A Victory for Companies Held for Ransom Over Questionable Patents
An Arizona-based Ballard Spahr team successfully shut down threats of patent infringement in a case with wide ramifications—and relief―for digital marketing companies across the United States.
USADATA Inc. is a digital marketing company with a national client base. It retained Ballard Spahr after its clients and several prominent digital marketing companies were threatened with legal action by a patent enforcement entity, DataWidget, for using conventional marketing methods.
Because DataWidget had pursued claims against a number of digital marketers and their clients—and because the threats of legal action potentially were so costly—the case attracted national interest.
Beginning in 2019, DataWidget began issuing threats to three USADATA customers. In a series of aggressive letters, the company claimed that by using USADATA’s services, the customers had infringed on a DataWidget patent covering software methods to compile mailing lists. DataWidget asserted the same patent in suits percolating against other digital direct mail companies in Georgia and Texas.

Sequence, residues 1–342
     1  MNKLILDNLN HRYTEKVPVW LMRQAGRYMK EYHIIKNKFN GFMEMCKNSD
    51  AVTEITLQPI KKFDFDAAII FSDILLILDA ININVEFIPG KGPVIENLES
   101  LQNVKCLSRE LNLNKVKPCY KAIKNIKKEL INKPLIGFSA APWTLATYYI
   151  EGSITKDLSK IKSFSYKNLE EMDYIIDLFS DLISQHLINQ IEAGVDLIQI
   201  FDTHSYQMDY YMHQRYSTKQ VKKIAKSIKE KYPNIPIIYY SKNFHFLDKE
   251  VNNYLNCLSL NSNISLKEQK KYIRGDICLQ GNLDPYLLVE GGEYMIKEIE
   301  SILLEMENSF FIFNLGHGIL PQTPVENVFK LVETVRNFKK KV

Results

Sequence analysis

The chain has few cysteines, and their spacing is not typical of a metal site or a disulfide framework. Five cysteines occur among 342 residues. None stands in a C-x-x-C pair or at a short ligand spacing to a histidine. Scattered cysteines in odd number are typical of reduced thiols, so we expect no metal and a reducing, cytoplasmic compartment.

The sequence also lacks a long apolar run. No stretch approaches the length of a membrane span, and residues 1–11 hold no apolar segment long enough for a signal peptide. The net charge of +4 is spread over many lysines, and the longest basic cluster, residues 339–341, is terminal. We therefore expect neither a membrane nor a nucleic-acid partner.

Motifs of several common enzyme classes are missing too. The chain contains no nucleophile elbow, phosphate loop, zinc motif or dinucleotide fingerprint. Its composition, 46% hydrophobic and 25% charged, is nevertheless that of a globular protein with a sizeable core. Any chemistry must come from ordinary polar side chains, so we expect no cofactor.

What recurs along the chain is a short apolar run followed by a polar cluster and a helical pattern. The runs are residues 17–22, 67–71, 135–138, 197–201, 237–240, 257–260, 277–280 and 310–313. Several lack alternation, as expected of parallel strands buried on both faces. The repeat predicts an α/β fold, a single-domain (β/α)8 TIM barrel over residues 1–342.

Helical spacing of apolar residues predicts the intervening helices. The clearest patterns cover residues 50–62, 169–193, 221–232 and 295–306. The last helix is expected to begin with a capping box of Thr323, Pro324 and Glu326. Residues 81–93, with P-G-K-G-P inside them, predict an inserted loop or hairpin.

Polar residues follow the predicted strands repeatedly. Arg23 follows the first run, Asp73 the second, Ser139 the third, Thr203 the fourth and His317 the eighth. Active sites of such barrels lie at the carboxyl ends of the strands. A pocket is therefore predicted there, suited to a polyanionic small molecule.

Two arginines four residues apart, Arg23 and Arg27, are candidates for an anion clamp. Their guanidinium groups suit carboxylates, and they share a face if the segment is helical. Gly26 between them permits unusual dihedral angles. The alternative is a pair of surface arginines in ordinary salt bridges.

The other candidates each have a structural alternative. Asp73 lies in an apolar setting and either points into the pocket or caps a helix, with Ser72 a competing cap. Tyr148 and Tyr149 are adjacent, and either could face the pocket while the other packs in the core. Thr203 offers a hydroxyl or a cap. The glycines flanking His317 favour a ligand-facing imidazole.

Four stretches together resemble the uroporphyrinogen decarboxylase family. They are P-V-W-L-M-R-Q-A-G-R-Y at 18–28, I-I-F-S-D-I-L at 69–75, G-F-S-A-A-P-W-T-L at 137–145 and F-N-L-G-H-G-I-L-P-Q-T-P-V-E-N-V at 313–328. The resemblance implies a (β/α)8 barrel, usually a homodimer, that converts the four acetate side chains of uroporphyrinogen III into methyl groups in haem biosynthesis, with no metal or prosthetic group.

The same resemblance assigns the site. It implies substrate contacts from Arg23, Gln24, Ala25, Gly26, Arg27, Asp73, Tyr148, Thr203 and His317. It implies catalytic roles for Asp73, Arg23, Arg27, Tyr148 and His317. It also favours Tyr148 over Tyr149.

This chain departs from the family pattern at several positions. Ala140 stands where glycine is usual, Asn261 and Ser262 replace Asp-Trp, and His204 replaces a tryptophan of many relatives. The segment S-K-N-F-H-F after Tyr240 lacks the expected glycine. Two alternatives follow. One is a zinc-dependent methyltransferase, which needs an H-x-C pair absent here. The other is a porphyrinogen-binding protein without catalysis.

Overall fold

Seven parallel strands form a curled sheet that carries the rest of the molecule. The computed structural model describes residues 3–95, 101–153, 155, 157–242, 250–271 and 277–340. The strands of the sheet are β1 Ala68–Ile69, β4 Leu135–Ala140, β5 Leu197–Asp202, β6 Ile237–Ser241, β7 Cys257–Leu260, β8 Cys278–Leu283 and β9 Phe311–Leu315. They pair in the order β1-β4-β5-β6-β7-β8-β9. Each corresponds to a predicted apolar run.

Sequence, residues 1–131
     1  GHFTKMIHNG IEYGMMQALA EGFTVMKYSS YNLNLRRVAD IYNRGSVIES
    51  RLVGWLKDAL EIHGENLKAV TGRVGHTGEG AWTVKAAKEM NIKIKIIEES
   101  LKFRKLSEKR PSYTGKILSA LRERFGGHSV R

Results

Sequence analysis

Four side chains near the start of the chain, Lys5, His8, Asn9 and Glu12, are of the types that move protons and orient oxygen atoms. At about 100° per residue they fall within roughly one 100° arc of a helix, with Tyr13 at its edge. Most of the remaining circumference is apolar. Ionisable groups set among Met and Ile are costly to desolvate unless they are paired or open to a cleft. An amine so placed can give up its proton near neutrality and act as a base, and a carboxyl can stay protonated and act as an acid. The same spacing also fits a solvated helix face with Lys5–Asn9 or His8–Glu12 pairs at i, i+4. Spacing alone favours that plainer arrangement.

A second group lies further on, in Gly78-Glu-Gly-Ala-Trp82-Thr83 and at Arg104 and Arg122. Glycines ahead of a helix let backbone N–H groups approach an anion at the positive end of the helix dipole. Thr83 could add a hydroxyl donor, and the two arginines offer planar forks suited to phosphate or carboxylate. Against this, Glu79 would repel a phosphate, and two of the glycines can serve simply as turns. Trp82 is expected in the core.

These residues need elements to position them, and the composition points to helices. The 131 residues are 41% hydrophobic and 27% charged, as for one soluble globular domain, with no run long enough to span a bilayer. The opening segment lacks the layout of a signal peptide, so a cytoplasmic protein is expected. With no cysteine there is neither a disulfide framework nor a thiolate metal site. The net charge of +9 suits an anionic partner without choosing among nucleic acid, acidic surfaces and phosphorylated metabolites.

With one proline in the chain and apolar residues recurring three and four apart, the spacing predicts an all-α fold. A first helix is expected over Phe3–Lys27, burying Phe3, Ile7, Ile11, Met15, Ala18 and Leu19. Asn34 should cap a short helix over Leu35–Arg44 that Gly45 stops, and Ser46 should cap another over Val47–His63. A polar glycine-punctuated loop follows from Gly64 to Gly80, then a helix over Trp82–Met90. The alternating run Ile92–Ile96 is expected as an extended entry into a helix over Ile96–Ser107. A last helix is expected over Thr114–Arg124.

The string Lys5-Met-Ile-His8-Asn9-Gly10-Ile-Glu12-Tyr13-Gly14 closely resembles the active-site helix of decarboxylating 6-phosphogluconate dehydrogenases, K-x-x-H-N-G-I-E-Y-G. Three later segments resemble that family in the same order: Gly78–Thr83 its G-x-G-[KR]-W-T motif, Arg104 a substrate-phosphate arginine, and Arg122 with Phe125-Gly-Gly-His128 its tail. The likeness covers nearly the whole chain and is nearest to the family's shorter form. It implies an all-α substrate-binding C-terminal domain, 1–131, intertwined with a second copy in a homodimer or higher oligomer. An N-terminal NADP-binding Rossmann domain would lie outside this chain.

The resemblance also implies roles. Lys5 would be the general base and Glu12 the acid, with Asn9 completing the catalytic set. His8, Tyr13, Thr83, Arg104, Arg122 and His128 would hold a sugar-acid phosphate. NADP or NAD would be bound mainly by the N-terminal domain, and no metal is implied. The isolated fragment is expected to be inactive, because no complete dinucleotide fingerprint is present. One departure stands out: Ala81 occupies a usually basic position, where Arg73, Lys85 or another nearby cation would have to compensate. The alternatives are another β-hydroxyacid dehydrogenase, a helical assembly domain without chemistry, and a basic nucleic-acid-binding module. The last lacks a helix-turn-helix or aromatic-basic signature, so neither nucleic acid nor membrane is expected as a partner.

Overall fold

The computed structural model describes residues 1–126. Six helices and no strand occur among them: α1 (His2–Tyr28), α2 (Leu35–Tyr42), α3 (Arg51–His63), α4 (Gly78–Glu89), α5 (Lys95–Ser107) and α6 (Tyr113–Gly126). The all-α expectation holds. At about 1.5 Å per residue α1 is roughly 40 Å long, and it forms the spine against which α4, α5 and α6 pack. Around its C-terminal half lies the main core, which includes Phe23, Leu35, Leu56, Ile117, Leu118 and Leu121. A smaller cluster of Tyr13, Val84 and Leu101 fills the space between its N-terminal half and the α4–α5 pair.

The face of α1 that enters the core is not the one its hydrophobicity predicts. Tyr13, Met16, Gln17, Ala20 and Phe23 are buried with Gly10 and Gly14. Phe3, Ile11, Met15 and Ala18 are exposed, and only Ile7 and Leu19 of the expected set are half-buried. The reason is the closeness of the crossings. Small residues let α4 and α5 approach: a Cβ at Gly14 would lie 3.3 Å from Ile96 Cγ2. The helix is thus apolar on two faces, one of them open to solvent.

Brian W. LaCorte, a nationally recognized Intellectual Property litigator in Ballard Spahr’s Phoenix office, argued that the DataWidget patent was invalid as non-patentable subject matter because it did little more than formalize the already common practice of aggregating a mailing list using generic computer components.
U.S. District Judge Douglas L. Rayes agreed. In a seven-page opinion issued in October 2021, Judge Rayes granted USADATA’s motion to invalidate DataWidget’s patent under Section 101 of the Patent Act, writing that “the patent’s claim constitutes an unpatentable idea.”
“As far back as the pre-Civil War era, humans have acquired geographic and demographic data and used a printing service to reach a targeted audience,” Judge Rayes wrote. “The patent essentially computerizes a long-standing economic practice.”
Fending off patent infringement claims can be extraordinarily expensive for small businesses. Defending a patent case through discovery and a trial can cost millions of dollars. With this win, Mr. LaCorte’s team invalidated a dubious patent being enforced around the country, freeing digital marketing firms to engage in ubiquitous direct mail services that have been practiced for over a century, without risk of liability.
Ballard Spahr’s client is not finished yet. Mr. LaCorte’s team is pursuing USADATA’s attorneys’ fees in securing the invalidation of the DataWidget patent, with a ruling expected in early 2022.